Watch Michael Lewis: I Aimed To Give Something Unexpected on PBS. See more from PBS NewsHour.
It really does, as Lewis says, seem "kind of obvious." Hard to imagine how people manage to avoid or deny the obvious.
According to the 2012 HHS Poverty Guidelines U.S. Department of Health & Human Services (Accessed: 14 June 2012), a family of four earning a total household income of $23,050 or less is officially impoverished. I entered this amount into a comparison calculator at The Global Rich List. From that I learned at an annual income of $23K, the poor family in America is in the top 11% of earners in the world. Many of you who are concerned with the poor make in the top one or two percent of world incomes.Damn! If you're reading this post, you're rich! And you thought you were doing your liberal duty to cheer on a guy in the top .02% as he attempts to make the middle class feel guilty about their microwaves, cell-phones, suv-mobiles, and weekly lattes. If you really want to make a difference in the world, make policy changes in the USA that simply removes barriers to firms' attempts at growing their businesses (they'll hire more people and move Americans above the poverty line). Then spend your money building relationships and businesses in other parts of the world, where there really are no or limited infrastructures for job growth. (We may have to rescue a few citizens from their govts.)Kind of obvious, huh?
Way to get off point! Back to the point:It is not that luck or individual ability/effort are a choice. It is not either/or. It is both/and. Anyone who is very successful has had some combination of personal skill and luck come together to get them where they are. And I have known many successful people who readily say so.
Anon 2:38: You're missing the point of even your off-point point.There is absolute poverty - insufficient resources to meet basic needs, such as shelter and food on the table. There is also relative poverty. The U.S. has both. In the Rio Grande Valley, Mississippi basin and Applachia we have plenty of absolute poverty. As for relative poverty, just try to design a budget on which a family of four can survive on $24,000 a year - $2,000 a month. In areas like Dallas a 2 bedroom for under $1,000 is hard to find. Add $400 for utilities and $400 for food (only $100 a week). You're down to your last $200 meeting only the most basic expenses to live a life which no one would find luxurious. That sort of relative poverty is very real, even if many in the world are even worse off.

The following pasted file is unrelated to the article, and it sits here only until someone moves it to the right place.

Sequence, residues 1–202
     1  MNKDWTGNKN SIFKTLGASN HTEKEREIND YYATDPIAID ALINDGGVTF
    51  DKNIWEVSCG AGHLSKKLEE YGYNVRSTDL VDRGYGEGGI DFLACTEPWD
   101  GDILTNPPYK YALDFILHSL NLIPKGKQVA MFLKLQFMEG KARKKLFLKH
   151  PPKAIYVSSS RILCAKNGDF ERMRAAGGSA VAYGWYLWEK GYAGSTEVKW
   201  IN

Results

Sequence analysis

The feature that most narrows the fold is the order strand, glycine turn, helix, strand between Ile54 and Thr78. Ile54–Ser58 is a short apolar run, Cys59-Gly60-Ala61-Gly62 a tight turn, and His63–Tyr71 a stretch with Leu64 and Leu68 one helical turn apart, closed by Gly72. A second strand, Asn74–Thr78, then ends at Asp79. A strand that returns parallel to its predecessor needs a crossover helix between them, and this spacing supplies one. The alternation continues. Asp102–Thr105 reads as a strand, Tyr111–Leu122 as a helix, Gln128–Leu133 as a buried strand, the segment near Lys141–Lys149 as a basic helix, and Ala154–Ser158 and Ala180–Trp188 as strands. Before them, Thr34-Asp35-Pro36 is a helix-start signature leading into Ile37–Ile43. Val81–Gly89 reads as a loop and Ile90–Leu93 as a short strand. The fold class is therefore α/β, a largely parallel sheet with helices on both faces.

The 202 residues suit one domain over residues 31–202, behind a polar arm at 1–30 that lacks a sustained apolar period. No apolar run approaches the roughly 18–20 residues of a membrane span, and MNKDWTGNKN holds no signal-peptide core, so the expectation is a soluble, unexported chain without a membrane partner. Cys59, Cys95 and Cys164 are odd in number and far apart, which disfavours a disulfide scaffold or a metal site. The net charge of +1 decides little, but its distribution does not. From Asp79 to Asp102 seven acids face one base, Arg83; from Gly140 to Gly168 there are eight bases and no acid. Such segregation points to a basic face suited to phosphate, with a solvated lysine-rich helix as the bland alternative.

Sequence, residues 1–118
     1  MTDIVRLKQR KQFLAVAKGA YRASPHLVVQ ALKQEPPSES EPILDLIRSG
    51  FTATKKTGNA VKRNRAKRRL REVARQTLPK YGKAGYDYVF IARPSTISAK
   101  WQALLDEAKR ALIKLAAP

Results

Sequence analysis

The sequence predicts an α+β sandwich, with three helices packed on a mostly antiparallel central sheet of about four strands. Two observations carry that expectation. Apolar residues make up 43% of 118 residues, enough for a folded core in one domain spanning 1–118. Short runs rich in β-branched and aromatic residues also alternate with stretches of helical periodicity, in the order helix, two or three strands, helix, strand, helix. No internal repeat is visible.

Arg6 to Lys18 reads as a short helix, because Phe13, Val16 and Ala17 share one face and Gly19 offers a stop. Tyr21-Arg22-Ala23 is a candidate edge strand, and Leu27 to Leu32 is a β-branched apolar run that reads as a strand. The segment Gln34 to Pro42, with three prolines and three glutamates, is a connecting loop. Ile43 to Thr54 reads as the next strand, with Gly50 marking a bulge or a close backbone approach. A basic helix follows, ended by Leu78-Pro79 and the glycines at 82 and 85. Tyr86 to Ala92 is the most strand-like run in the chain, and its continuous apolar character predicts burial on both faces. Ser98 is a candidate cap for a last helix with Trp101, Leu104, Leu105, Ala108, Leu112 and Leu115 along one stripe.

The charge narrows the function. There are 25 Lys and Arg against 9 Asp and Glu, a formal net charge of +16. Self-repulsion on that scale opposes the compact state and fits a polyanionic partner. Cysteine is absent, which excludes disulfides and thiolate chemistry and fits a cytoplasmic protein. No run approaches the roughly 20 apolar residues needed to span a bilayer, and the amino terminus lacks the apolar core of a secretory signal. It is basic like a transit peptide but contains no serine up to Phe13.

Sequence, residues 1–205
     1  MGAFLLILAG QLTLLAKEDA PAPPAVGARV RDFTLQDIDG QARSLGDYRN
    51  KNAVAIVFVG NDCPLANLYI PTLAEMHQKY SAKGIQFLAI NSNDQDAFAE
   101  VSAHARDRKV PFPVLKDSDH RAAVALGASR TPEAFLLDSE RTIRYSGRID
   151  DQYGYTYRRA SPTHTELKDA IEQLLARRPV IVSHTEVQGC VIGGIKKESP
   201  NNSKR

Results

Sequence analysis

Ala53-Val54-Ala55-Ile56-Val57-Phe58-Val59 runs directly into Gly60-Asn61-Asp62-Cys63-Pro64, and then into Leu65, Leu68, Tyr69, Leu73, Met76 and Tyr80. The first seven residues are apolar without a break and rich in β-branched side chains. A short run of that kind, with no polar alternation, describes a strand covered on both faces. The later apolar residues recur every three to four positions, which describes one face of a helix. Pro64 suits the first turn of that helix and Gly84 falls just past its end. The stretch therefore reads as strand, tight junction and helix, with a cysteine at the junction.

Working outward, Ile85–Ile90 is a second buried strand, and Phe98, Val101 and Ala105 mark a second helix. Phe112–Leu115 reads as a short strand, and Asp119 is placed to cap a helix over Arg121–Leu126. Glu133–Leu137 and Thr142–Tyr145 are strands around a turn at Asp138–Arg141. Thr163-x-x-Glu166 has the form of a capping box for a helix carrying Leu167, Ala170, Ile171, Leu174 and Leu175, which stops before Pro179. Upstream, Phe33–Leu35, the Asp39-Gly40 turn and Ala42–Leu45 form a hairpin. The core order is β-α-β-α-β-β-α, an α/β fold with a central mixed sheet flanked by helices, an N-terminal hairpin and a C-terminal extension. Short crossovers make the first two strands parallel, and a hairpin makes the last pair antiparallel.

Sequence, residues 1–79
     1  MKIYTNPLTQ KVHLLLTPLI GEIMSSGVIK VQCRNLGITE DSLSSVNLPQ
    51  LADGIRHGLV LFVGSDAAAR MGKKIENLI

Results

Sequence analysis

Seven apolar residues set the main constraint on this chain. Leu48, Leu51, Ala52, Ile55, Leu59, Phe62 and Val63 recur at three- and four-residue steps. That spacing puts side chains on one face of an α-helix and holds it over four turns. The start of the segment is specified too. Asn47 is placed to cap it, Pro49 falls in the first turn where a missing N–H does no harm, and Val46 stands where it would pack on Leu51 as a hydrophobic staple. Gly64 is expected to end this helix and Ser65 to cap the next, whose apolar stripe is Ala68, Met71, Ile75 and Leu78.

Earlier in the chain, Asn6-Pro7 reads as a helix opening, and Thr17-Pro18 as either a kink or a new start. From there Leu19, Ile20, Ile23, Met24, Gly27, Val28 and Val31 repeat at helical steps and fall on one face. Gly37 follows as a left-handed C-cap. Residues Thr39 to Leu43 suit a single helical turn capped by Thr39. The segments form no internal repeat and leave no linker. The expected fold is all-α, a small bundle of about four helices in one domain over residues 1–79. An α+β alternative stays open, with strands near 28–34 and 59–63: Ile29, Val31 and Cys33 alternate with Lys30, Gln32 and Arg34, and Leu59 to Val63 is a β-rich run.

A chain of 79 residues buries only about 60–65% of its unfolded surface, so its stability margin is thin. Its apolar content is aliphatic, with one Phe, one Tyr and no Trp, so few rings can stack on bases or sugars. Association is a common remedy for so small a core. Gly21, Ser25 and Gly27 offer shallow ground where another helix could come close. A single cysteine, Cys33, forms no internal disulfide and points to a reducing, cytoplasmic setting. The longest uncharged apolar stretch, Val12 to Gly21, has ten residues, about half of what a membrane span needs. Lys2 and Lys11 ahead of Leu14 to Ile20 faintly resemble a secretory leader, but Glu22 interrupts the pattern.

Some of you are finding it very difficult to hate yourselves for being rich.
By almost any standard, I am "rich." I do not hate myself for it. In fact, I probably like it too much. But I also feel a need - both internal and personal, as well as theological - to try to help those who have less than I do. Why is that so hard to undertand? What hardness of heart would motivate anyone to criticise that?
I can see giving away education and training for those at low income levels, along with plenty of advice on how to land a job and build a long-term career. But Larry is an architect of "the poverty industry." Images of City-Square buildings going up strike me as a form of institutionalizing this industry.Whenever you build a scenario to illustrate how difficult it is to be poor, you never include motivators in place to encourage people to get out of poverty. Permanent housing is ... permanent. In the USA being poor makes you rich, compared to the rest of the world. And if Larry has his way, the American poor will become middle class in the near future.
Anon 4:20, thanks for your comment. If it seems that we and others "institutionalize" responses to poverty, please understand that we do so in response to the institutions that create it as well as to the symptoms that such systemic injustice produce over and over again and at a scale that would blow you away should you ever take the time to have a close look.
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